network services with different service objectives and QoS
      requirements to support multiple types of users and applications.
      Customers can be internal trusted parties with respect to the
      provider such as wholesale service department, etc. Customers can
      also be trusted external parties with respect to the provider.

        o Service Providers (also Virtual Network Service Provider):

      Service Providers are the providers of virtual network services
      to their customers. Service Providers typically lease resources
      from single or multiple Network Providers' facilities to create
      virtual network services and offer end-to-end services to their
      customers. A Virtual Network Service Provider is a type of
      Service Provider, except that they may own no physical equipment
      or infrastructure, or have limited physical infrastructure and
      will require virtual resources for offering the final service,
      and only provide services built upon virtual network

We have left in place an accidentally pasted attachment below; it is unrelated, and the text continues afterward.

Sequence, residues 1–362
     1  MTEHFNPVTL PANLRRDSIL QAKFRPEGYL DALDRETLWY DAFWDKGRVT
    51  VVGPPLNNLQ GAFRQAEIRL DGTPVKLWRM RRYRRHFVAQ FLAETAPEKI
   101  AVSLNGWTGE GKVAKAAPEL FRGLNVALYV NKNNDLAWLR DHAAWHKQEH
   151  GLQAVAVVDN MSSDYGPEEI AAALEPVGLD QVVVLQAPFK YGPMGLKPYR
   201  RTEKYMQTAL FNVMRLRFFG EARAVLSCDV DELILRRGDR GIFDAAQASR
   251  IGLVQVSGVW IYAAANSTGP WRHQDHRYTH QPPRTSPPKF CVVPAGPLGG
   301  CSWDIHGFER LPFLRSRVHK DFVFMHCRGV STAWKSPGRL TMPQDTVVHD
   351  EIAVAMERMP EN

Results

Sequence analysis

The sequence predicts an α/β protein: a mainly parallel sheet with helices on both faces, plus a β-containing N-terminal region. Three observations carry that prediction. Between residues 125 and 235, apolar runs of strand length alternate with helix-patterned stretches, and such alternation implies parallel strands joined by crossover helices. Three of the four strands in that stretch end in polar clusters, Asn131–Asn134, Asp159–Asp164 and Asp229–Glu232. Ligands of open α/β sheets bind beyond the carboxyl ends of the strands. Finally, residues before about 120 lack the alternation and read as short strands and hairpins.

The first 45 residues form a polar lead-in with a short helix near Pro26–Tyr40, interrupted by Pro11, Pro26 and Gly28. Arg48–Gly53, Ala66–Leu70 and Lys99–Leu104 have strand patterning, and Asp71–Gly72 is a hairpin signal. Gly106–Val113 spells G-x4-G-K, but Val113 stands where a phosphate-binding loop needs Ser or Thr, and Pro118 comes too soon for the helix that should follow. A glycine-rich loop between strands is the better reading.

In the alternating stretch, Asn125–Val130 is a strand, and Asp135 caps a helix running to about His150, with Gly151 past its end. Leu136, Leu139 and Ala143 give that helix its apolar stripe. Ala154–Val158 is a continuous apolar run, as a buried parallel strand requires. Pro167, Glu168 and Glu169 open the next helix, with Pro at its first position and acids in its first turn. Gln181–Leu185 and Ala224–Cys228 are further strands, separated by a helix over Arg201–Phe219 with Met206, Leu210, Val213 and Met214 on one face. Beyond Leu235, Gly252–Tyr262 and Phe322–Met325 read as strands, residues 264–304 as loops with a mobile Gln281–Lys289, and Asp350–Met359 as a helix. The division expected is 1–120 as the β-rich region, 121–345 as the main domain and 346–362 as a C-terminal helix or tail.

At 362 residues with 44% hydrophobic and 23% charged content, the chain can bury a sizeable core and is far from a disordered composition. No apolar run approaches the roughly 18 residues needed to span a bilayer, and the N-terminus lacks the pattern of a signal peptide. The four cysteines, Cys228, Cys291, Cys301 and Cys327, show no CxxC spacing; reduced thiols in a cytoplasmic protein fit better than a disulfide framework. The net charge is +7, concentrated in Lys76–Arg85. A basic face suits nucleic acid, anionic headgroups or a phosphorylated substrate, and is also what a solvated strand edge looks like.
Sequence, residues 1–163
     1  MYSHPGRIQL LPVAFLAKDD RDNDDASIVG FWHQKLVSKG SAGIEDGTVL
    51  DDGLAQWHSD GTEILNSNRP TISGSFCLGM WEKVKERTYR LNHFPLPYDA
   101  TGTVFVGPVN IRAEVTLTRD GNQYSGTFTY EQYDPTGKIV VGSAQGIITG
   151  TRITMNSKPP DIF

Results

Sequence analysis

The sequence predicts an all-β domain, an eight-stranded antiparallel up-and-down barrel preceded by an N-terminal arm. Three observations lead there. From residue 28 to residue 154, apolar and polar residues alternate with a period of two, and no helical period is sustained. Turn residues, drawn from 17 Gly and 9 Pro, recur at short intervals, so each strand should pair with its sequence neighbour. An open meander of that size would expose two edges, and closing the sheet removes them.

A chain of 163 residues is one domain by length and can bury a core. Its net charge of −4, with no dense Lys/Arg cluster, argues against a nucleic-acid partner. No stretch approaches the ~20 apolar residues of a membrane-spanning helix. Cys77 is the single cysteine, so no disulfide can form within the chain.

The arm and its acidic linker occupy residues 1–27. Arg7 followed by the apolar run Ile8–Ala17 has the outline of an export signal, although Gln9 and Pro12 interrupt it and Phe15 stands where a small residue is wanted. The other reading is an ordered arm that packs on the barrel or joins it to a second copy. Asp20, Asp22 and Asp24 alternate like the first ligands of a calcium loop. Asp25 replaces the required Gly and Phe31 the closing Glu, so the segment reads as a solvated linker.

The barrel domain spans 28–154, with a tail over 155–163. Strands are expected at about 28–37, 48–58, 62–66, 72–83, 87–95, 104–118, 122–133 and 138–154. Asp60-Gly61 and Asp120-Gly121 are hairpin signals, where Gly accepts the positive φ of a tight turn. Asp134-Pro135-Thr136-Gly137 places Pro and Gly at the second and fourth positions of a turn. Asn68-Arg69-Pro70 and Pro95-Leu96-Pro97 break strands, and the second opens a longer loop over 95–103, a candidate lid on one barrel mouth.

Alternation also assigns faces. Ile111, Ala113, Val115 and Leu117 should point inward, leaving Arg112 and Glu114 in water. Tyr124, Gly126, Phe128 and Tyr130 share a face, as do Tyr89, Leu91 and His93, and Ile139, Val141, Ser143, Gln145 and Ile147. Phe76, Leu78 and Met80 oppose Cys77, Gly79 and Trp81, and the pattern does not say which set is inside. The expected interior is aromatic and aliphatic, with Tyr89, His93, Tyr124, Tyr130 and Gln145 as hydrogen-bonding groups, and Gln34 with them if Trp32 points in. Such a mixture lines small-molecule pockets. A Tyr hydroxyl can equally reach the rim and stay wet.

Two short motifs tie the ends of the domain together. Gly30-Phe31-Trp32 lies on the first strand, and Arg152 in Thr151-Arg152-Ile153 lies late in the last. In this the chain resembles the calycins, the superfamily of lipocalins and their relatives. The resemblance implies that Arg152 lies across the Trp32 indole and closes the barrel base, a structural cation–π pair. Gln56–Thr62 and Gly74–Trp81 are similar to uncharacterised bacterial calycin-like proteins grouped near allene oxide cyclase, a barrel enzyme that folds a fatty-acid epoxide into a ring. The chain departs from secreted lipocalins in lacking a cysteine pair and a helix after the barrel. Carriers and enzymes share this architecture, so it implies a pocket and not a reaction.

infrastructure. In general, this document does not distinguish
      between a Virtual Network Service Provider and Service Provider.

        o Network Providers:

      Network Providers are the infrastructure providers that own the
      physical network resources and provide transport network
      resources to their customers. Service Providers can be the
      customers of Network Providers or can be the Network Providers
      themselves.

        o Network Virtualization:

      Network virtualization, refers to allowing the customers to
      Utilize a certain network resources as if they own them and thus
      allows them to control their allocated resources in a way most
      optimal with higher layer or application processes. This customer
      control facilitates the introduction of new applications (on top
      of available services) as the customers are given programmable
      interfaces to create, modify, and delete their virtual network


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      services.

        o Transport Networks

      Transport networks are defined as network infrastructure that
      provides connectivity and bandwidth for customer services. They
      are characterized by their ability to support server layer
      provisioning and traffic engineering for client layer services,
      such that resource guarantees may be provided to their customers.
      Transport networks in this document refer to a set of different
      type of connection-oriented networks, which include Connection-
      Oriented Circuit Switched (CO-CS) networks and Connection-
      Oriented Packet Switched (CO-PS) networks. This implies that at